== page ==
EDITORIAL: Customer disservice
Lost luggage. Two words that will elicit a visceral response for any traveller.
There’s something wrong with the system. That’s where unanimous agreement on health care starts and stalls.
Take the start, leave the stall.
The government, health bureaucrats, the medical community, caregivers, patients and potential patients agree. It has to change. The big, troublesome, devilish details — what, how, when, and sometimes who and where — are in dispute.
Take it a step further. Most folks concede that cost control is vital, while the quality of and access to care must improve. Which element of that compound deserves more emphasis splits opinion again. Never mind. There is broad consensus that each is a component of success.
Here’s the thing: System survival depends on sweeping and successful reform. It has to be done without undue disruption to day-to-day operations. Like the blues, it don’t come easy.
There is a surefire road to failure and the Nova Scotia Health Authority is on it. Defeat and chaos are certain unless the health bureaucracies come clean.
Some folks at the health department actually get that.
Leadership at the NSHA tortures us with a mix of messages, from “don’t worry, be happy” to the more muted “you can’t handle the truth.” It’s your choice whether being patronized or disrespected is more cloying.
Conversely, top staffers at the department are stepping up and out. In interviews this week they acknowledge reform is a fragile work-in-progress, complete with road hazards, high hurdles, certain and legitimate frustrations, but progress nevertheless.
Refreshing candour and unvarnished truth, respecting that Nova Scotians as owners and users of the system have the inherent right to know the big picture, the troublesome details, and everything about their personal health, earns them the credibility to move to proposed solutions.
Last week a key component of the integration and use of information technology as an enhancement to care suffered a major setback. One of its pioneering users and champions said she had to disconnect from MyhealthNS because of its inordinate expense and demands on time.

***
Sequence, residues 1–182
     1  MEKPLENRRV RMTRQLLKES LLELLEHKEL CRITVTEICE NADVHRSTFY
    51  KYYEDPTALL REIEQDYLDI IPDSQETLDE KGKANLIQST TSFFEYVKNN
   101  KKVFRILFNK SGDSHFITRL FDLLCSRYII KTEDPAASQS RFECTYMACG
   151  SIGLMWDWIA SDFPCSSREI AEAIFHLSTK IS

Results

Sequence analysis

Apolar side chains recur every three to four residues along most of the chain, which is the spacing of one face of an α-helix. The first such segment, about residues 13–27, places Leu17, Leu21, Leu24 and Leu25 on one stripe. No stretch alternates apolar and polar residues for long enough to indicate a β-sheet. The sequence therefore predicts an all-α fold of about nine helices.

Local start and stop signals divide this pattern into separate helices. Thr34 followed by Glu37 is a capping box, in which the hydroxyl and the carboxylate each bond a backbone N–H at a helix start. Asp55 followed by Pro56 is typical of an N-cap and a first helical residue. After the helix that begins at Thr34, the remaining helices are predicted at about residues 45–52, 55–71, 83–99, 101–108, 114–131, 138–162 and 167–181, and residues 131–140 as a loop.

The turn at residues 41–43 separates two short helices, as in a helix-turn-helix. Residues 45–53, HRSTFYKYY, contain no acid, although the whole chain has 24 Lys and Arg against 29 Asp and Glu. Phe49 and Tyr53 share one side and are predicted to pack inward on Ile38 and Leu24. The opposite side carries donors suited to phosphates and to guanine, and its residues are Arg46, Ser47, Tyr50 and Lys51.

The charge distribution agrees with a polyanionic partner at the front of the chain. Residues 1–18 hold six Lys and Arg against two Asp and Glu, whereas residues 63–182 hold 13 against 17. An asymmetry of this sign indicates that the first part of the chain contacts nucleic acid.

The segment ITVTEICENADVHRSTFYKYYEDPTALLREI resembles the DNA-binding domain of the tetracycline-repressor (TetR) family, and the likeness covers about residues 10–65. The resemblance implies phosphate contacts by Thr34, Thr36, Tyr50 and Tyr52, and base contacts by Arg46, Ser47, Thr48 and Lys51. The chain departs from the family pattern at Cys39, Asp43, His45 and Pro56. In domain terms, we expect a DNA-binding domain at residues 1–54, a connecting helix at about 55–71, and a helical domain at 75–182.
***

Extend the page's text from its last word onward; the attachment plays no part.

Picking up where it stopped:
Two senior departmental officials with unruly titles but well-cultivated outlooks on health care’s future didn’t default to the usual, circular government talking points to address the setback. The decision of Dr. Ajantha Jayabarathan (Dr. A.J.) was the most predictable topic on the table but there was no attempt to spin it away.
Senior executive director, investment and decision support Christine Grimm and Angela Purcell, director, fee for service and master agreement, were disappointed but understood A.J.’s decision. Nor did they dispute the need for improvements to MyhealthNS.
Nothing less than changes to the doctors’ fee structure — one of the system’s tougher needles to thread — can correct the deficiencies that Dr. A.J. identified. Officials in the health department, even senior ones, can’t get that done so they can’t say if the flaws that forced A.J. to withdraw can be corrected. However, they did reveal the road map to make that happen, suggesting there is a plan to try.
These are troublesome details alluded to above. They are manageable, but exist within the context of complex and competing interests. Compromise, time and money are all elements of the fix.
MyhealthNS is a piece of a big, ambitious plan that culminates with something called One Person, One Record. Oversimplified, that’s a secure IT platform by which players across the system are permitted access to patients’ medical records as required for treatment.
All of the above is a lot of detail and too much context preceding the crux.
The health bureaucracies — the NSHA and the department — can hold their cards close to their vest and guarantee another failure, and perhaps put the final nail in the coffin of dependable public health care in Nova Scotia.
Or, they can open up to Nova Scotians with the hard truths and give themselves a fighting chance at winning the public patience they need to get the job done. There are encouraging signs the department is moving in that direction.
“Trust us, this will be better,” is neither usable information nor an explanation. It asks Nova Scotians for a leap of faith they will not take, nor should they. The government and its mammoth delivery structure over at the NSHA can either lay all their cards on the table or fold. Their call.
Jim Vibert spent 10 years as a political reporter and editor with the Halifax Herald; and 14 years with the Nova Scotia government where he set up Communications Nova Scotia.